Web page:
Which Ebenezer?

Several years ago I "thanked" a friend of mine for ruining my music-listening experience.  He did so by encouraging me to pay attention to the lyrics rather than merely the tune.  Songs that once earned my turn-the-dial-up interest soon faced rejection.  It became difficult to sing along with lyrics with which I disagreed.  As a result, my Jeep stereo and my WalkMan (remember those?) blared different tunes than before. 

I also began to give more attention to the songs I sang along with the rest of our church as we turned to various page numbers in the Baptist Hymnal. 
Do you know . . .
     "God of Earth and Outerspace"?
Does it seem odd to you to sing that we should go . . .
     "Onward, [as] Christian Soldiers"?
Or that "the joy we share as we tarry [in the garden] . . .
     ". . . none other has every known"?    

Other lyrics confused me.
For years I sang verse two of "Come, Thou Fount . . ." having zero idea what I declared when I loudly proclaimed, "Here I raise mine Ebenezer; Hither."  For two reasons:
(1) I didn't know (still not sure) the word "hither."
(2) I thought Ebenezer was only the first name created by Charles Dickens.

I'll leave "hither" for some day yonder and will not tarry there.  Rather, I will continue with a word about Ebenezer.  Someone (I fail to remember who and, therefore, cannot express proper gratitude) finally explained that word to me as they spoke of 1 Samuel 7.  Ebenezer is the Hebrew name with which Samuel deemed a stone.  The word means "stone of help."  It recalled the help the Hebrew people received from the LORD as they conquered a Philistine army at Mizpah.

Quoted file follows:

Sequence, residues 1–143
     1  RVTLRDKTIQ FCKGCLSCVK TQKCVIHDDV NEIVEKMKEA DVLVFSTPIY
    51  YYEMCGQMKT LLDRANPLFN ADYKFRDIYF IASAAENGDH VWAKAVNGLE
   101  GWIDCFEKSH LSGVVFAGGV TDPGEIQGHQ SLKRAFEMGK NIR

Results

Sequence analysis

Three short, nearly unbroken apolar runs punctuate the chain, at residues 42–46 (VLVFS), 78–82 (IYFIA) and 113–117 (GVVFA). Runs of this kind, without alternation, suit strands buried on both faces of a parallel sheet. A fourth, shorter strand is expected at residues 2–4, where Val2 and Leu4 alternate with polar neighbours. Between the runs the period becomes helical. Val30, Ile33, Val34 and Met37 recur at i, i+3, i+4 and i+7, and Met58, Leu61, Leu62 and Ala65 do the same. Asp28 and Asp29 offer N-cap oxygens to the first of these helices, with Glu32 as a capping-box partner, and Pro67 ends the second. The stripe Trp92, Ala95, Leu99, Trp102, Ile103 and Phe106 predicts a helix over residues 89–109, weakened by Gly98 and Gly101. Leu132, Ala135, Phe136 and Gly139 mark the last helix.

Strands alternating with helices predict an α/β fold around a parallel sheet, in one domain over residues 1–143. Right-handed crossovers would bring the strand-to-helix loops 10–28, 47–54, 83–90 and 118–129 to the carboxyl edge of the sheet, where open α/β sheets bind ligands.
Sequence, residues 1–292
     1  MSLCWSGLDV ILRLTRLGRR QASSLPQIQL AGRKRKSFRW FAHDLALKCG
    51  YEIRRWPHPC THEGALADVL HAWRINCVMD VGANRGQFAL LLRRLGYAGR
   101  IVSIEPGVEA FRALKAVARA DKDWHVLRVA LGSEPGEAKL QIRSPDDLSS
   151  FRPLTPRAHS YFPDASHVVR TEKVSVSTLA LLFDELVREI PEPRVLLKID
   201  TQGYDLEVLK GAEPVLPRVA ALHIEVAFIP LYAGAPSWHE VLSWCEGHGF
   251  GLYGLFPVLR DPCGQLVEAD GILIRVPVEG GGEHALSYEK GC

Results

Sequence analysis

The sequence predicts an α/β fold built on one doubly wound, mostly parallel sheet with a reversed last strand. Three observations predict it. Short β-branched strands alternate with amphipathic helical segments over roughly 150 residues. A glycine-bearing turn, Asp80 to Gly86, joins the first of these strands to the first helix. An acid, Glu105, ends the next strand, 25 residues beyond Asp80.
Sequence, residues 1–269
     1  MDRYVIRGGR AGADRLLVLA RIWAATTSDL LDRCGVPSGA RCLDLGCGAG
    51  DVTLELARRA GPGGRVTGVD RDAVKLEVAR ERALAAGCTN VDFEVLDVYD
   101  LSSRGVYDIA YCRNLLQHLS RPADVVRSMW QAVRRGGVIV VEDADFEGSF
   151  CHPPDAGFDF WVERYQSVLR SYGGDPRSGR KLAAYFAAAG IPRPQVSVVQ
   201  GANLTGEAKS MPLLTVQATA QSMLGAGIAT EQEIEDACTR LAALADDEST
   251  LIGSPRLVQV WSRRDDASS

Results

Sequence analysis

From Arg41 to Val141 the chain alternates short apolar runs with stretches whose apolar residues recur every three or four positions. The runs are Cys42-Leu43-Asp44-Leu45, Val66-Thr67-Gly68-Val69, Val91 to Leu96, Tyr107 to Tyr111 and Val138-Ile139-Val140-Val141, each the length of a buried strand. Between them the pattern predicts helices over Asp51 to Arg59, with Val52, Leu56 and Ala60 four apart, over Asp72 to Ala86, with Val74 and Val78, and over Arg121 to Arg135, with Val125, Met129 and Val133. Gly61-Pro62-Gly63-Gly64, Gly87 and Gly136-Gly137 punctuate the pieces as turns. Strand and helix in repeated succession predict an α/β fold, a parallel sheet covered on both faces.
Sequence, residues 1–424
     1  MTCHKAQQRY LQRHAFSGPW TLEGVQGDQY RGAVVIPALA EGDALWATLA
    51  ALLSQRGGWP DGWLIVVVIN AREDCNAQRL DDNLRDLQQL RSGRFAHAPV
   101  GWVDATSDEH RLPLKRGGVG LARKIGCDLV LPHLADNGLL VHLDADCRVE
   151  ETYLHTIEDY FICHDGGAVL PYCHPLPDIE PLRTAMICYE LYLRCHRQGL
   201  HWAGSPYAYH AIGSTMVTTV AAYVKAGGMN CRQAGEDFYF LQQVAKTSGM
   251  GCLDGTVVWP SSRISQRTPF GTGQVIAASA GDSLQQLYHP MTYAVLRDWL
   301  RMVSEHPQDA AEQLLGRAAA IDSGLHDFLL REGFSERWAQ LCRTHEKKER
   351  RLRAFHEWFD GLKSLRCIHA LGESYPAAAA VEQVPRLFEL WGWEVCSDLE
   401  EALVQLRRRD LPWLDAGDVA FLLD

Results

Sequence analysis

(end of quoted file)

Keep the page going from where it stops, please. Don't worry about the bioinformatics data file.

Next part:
If one is familiar with the Ebenezer of 1 Samuel 7, they may still be unaware of its previous mention in 1 Samuel 4.

And Samuel’s word came to all Israel.  Now the Israelites went out to fight against the Philistines. The Israelites camped at Ebenezer, and the Philistines at Aphek.
1 Samuel 4:1 (NIV)

Note what happened there.

The Philistines deployed their forces to meet Israel, and as the battle spread, Israel was defeated by the Philistines, who killed about four thousand of them on the battlefield.
1 Samuel 4:2 (NIV)

The first mention of Ebenezer (1 Samuel 4) recalls pain; the second mention (1 Samuel 7) urges gratitude.

Yesterday people across America took time to remember - specifically, by giving tribute to the memory of all the Americans who died while serving in our military. 

The interesting thing about memories is that they can inspire gratitude or drag one into misery and/or anger.  During times of remembering, which Ebenezer do you raise? 
- One that recalls failure / defeat / betrayal / sorrow?
- One that recalls success / victory / God's grace / joy?

We have a choice.  Choose wisely as you raise an Ebenezer.


No comments:

Post a Comment